Is the Peter Principle alive and active in your business? According to Investopedia, the principle described by Dr. Laurence J. Peter in 1968 states, “a promotion to the higher-ranking job position may not necessarily reveal the employee's incompetence, but rather the new position may require different skills the employee does not possess.” http://www.investopedia.com/terms/p/peter-principle.asp
Have you ever worked with a manager who knew the business aspects of his job inside and out but still was unable to effectively manage the people under him? We all have. It's frustrating and discouraging, and it's counterproductive for the company. It fosters a lack of trust in his subordinates and depletes employee morale. The staff remain in survival mode and cannot work creatively.
Several types of managerial styles beg for correction. Let's explore a few and do some problem-solving.
I'm right and you're wrong, so just be quiet and do what I tell you. What could cause this attitude? It could be coming from a fear of failure. Chances are good that this manager has quite a bit of self-doubt and is afraid to admit it. He wants to look good for the boss, but thinks the way to do that is to belittle and coerce his subordinates into blind obedience.
What can he do to improve his work interactions? It sounds simple, but can be tough. He can’t obtain success without the cooperation of his subordinates, whether in a project or in the general atmosphere of the business. He has to admit he needs their help. And he will have to admit it not only to himself, but to his staff. Subordinates really do respond to this as long as it is a sincere request. If it is done to manipulate, any improvement will be short-lived.
Can't we just all get along? This attitude could be fueled by fear of conflict. This type of manager avoids confronting people who perform poorly. He thinks he is keeping the workplace peaceful, but he actually is adding to the frustration of workers who need his guidance.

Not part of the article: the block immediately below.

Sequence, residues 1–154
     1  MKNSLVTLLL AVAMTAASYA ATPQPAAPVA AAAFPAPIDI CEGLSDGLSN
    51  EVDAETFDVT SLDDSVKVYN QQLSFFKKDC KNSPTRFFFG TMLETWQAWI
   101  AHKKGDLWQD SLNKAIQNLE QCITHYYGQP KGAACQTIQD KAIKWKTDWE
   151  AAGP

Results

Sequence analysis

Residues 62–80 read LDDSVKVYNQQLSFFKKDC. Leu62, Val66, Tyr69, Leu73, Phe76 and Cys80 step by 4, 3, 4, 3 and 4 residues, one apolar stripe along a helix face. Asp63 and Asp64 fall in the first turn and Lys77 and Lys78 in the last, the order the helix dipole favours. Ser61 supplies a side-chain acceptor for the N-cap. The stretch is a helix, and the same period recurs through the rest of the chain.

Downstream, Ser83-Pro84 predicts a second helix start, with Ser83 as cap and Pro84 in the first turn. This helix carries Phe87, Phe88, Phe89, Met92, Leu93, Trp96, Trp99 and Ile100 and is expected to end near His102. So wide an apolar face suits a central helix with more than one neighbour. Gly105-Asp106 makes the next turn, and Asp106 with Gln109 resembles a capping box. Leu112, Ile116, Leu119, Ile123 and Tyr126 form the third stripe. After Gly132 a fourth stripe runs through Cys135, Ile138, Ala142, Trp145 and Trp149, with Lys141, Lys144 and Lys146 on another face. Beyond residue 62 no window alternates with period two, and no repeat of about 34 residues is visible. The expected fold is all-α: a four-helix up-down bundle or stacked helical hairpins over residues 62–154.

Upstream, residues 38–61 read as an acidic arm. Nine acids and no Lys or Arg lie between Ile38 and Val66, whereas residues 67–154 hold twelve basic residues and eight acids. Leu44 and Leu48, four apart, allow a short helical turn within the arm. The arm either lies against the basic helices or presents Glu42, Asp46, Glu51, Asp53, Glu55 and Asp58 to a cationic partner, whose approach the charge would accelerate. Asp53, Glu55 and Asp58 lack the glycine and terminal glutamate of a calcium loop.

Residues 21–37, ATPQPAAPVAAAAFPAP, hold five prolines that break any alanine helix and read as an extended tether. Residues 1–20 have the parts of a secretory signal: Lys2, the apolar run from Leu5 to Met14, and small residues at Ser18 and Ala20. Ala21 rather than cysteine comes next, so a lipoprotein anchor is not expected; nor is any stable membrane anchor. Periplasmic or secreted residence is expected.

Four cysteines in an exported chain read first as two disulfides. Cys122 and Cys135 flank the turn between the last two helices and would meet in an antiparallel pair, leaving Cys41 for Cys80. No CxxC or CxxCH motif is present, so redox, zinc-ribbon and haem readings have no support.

The fix? Be truthful about performance. If someone makes a mistake, use it as a teaching moment. Don't judge the employee, but show him how to do better. Managers also need to be teachers.
If you put one hairy toe across this line, I will write you up. Some managers always seem to use punishment instead of reward to control subordinates. There is no balance. This attitude causes a lot of resentment. The employees are so busy looking over their shoulders that performance suffers and the workplace is disrupted even further. They often can’t even summon the energy to care about what happens in the department. Their emotional reserves are depleted. Physical reserves can soon follow.
What should this type of manager do? Start by soliciting employee input to set clear goals and help the workers decide how best to reach them. Front-line people can be amazingly creative if they believe they have free and open communication. Offer some type of reward system for great ideas.
It all boils down to managing versus manipulating and pressure versus persuasion. Even if these "people skills" are lacking, they can still be taught. Successful, caring management skills help develop effective and motivated employees and a thriving businesses.
Do you have a manager in your organization that needs help or that you have helped? Please share your advice.
If you have a comment or question I would be happy to discuss. Read more on my blog rhettpower.blogspot.com.